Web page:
Today I had my first systematic theology precept for the semester (precepts are small group classes where we discuss the readings). For this week we read the introductory stuff of several theologians from different backgrounds. The one we focused on was Schleiermacher, a 19th century German guy who Karl Barth later wrote most of his works in direct opposition to. I didn't much care for the parts of Barth that we read last year, so I figured I'd like Schleiermacher better, and I was right. He emphasizes the fact that all our religious "knowledge" comes from experience (as does everything else)--that knowledge in religion isn't possible because it's all based on "feeling." He doesn't mean "feeling" as in emotion, but...anyway, I don't totally understand his whole system yet, but what I know so far I like. He seems much more down-to-earth, whereas Barth seems to make his theology based on ideals of how God should be as opposed to anything we actually experience ourselves.
The first thing we did in our precept was to discuss the scores we got on a "worldview test" we were supposed to have taken online. It was an interesting test...I think I put the website down for the Beliefnet quiz several months ago. This is the same kind of thing, although I think they're assuming you're a self-avowed Christian. Our preceptor had us do this sort of as a joke, because the website for this test is really...um...interesting. (If you get 100% on "biblical worldview" they send you a certificate that you can mount on your wall!) My father will be proud that my worldview ended up being "Secular Humanist Worldview." I would recommend visiting the site and taking the quiz for curiousity's sake, but many of the questions are really frustrating and you wonder what their idea of a solid "biblical worldview" is, exactly. So that was entertaining...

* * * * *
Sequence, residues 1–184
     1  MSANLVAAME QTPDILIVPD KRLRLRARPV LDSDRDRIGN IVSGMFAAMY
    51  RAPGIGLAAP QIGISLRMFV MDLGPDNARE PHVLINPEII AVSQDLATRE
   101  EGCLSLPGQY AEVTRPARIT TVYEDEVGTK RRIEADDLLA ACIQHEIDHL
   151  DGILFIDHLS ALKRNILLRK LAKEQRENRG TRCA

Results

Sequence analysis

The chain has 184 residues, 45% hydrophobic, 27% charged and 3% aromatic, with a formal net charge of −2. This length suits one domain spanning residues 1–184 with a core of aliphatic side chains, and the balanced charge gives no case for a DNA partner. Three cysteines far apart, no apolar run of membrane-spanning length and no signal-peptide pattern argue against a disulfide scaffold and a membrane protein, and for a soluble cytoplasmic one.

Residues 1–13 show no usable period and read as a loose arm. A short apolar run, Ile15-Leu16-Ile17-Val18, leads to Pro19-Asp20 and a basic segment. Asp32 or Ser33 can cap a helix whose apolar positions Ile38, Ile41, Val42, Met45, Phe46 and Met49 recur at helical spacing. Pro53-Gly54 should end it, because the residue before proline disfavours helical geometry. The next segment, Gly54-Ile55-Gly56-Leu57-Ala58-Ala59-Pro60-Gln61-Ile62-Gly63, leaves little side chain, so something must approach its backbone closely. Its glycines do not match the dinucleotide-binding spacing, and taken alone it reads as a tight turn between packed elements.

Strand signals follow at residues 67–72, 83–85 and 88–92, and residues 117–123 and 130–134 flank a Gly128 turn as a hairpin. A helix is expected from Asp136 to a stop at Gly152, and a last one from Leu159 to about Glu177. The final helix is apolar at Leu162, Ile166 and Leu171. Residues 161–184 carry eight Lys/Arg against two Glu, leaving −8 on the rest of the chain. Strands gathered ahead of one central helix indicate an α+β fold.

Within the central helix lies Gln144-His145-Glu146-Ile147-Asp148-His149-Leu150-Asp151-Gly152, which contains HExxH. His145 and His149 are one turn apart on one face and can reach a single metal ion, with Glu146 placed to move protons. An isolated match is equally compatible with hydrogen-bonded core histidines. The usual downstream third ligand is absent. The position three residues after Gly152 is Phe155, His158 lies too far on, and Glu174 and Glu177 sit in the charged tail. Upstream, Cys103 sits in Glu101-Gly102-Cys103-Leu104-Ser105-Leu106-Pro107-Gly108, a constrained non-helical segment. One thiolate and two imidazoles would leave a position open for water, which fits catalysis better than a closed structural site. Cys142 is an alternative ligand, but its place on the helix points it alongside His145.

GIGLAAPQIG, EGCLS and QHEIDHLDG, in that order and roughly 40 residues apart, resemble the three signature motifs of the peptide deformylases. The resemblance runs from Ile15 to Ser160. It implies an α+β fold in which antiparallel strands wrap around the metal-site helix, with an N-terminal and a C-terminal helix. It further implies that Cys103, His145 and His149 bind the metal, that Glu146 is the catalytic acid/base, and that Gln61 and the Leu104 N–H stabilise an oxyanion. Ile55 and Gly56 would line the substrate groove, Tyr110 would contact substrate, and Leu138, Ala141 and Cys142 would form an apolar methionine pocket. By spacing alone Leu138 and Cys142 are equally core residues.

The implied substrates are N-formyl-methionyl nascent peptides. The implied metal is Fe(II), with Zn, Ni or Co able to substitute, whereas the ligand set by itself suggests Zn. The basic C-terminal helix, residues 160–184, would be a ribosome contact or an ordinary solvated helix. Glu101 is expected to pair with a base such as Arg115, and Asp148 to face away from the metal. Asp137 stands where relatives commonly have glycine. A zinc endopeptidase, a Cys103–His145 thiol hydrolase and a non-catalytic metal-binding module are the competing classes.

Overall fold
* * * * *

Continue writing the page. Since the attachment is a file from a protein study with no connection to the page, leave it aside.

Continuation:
Here's the website:
Other people we're reading this semester: of course we have the staple Reformed theologians Calvin and Barth, then we have "representatives" of various other theological standpoints, feminist, black, Asian, Latino/a. Authors include: James Cone, Elizabeth Schussler Fiorenza, Jung-young Lee, and Paul Tillich. It should be a great semester, much better than last semester's Barth, Calvin, and three weak feminist essays.
Another interesting tidbit: one of my professors on Wednesday said, "Jesus is apparently a pacifist, so we as 21st century American Christians need to think about what to do with that." Then later he said that he himself agrees with Augustine and is a Just War proponent, but thinks we need to be very careful about the wars we "justify." I have a hard time understanding how a Christian can think that Jesus is a pacifist and would not be a pacifist themselves, but...I'll try to ask him about it sometime.
Well, that's enough random comments about systematic theology for today. I hope you're enjoying your weekend! The highlight of mine may be reading Elizabeth Schussler Fiorenza...(oh yeah, and hearing my husband and our friends play here in town and in New York City!).